Though Minus the Bear have always played melodic indie pop, the Seattle quintet deserves credit for consistently thinking outside the box. On their debut EP This Is What I Know About Being Gigantic and first full-length Highly Refined Pirates, conventional guitar riffs were replaced with deft fingertapping, while Menos El Oso found the band opting for a dreamier, dancier pop sensibility, trading the finger taps for stuttering drum breaks. With Planet Ice, the group’s third full-length, that dreamy, atmospheric aspect is more deeply explored, as shimmering guitar textures and broad sheets of icy synth provide a sonic counterpart to the frigid landscape on the album’s cover.
A bit of the chopped-up guitar samples that permeated Menos El Oso open the upbeat “Burying Luck,” a crisp and glistening track that contains all the hallmarks of classic Minus the Bear: tight musicianship, an almost complete aversion to distortion, and Jake Snider’s earnest, yet evocative vocals. The clean plucks of guitar that open “Ice Monster” are much less like a towering Yeti than another musical beast, namely Tortoise. Its graceful and sweet rhythmic exercise gives way to a relatively straightforward rock chorus, yet the harder breakdown is fleeting, as the band swiftly returns to a wintry ambience.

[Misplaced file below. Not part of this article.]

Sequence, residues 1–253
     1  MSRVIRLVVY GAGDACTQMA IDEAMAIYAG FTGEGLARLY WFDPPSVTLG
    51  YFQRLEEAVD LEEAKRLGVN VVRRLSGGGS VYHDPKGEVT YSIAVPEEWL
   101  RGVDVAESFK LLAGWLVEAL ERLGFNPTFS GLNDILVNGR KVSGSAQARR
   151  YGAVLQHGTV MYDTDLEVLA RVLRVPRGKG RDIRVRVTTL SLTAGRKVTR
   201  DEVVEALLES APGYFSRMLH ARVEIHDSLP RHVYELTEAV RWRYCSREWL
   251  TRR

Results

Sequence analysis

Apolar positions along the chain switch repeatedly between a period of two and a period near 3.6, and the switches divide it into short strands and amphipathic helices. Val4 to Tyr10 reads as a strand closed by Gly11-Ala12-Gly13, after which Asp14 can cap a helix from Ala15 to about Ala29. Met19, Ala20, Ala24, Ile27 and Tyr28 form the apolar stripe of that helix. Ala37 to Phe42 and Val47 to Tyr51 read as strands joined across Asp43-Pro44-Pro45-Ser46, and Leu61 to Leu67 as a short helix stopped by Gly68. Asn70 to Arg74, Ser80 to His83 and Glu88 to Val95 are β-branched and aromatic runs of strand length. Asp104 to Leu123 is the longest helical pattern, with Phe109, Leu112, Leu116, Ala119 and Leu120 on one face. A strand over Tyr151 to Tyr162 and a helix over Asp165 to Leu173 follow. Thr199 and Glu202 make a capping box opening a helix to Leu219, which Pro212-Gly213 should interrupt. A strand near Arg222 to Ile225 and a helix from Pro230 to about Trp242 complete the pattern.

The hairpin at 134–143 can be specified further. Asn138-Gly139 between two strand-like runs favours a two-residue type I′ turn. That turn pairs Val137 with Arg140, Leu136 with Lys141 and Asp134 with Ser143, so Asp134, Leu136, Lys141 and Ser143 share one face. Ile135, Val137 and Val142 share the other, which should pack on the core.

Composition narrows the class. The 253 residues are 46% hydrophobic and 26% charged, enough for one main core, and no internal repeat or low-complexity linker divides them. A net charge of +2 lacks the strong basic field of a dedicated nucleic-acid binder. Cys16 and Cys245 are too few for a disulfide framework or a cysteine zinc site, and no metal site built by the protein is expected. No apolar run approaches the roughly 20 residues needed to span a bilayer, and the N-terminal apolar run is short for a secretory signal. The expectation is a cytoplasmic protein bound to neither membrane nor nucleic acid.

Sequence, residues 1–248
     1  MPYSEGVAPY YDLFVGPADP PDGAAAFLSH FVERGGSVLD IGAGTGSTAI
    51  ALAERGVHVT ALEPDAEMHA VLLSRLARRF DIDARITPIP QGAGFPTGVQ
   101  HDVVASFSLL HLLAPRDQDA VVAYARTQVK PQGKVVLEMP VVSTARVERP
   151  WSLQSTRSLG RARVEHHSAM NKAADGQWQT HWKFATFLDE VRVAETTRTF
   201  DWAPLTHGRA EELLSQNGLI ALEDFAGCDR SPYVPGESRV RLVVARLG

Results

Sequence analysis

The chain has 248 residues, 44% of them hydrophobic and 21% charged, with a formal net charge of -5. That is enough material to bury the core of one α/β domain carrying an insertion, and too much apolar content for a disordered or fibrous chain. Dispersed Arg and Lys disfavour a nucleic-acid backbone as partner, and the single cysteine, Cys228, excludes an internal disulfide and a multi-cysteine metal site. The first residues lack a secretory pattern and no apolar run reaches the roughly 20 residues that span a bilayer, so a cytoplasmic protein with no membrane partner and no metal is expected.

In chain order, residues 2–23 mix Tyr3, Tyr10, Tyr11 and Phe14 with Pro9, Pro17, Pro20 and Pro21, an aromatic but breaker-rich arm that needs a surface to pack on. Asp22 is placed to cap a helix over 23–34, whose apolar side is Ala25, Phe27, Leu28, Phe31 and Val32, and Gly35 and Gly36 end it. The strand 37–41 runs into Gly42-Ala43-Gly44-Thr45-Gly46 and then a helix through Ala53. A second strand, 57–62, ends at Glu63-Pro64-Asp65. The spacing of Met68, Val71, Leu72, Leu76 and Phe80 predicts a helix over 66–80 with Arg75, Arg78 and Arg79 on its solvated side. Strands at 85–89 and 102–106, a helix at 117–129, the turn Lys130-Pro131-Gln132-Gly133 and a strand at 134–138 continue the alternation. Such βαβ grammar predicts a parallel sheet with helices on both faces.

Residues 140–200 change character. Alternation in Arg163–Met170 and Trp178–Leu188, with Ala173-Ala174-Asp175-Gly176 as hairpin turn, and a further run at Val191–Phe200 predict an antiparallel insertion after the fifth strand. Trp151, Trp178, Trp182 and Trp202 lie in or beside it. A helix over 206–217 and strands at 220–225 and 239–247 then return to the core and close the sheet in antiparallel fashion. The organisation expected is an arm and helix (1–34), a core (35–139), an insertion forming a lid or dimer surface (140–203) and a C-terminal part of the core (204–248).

A DNTEL-like glitch sample drives “Knights,” one of the most immediate and catchy tracks on Planet of Ice. At once danceable and somewhat prog, particularly given the space age guitar sounds and escalated soloing, “Knights” is one of a few moments of sheer ass-kicking intensity. By comparison, “White Mystery” is much more subdued and sexual, particularly lyrically, which is a definite plus considering the relative lack of indie rock booty jams. That said, the band is at their most exciting churning out the sludgy grooves of “Dr. L’ling,” a song which finds the group lending musical backup to their newfound penchant for facial hair. Likewise, “Double Vision Quest” has a sexy strut that soon swirls into a vortex of effects.
The album closes on the nine minute epic “Lotus,” which combines organ-like guitar effects, feedback and various other chiming, glossy textures. With each successive album, Minus The Bear focuses as much, if not more, on textures and sonic exploration as they do on songwriting. Planet Of Ice has myriad craters and caverns through which to explore, leaving no two listening experience exactly alike.
MP3: “Throwin’ Shapes”
Jeff Terich is the founder and editor of Treble. He's been writing about music for 20 years and has been published at American Songwriter, Bandcamp Daily, Reverb, Spin, Stereogum, uDiscoverMusic, VinylMePlease and some others that he's forgetting right now. He's still not tired of it.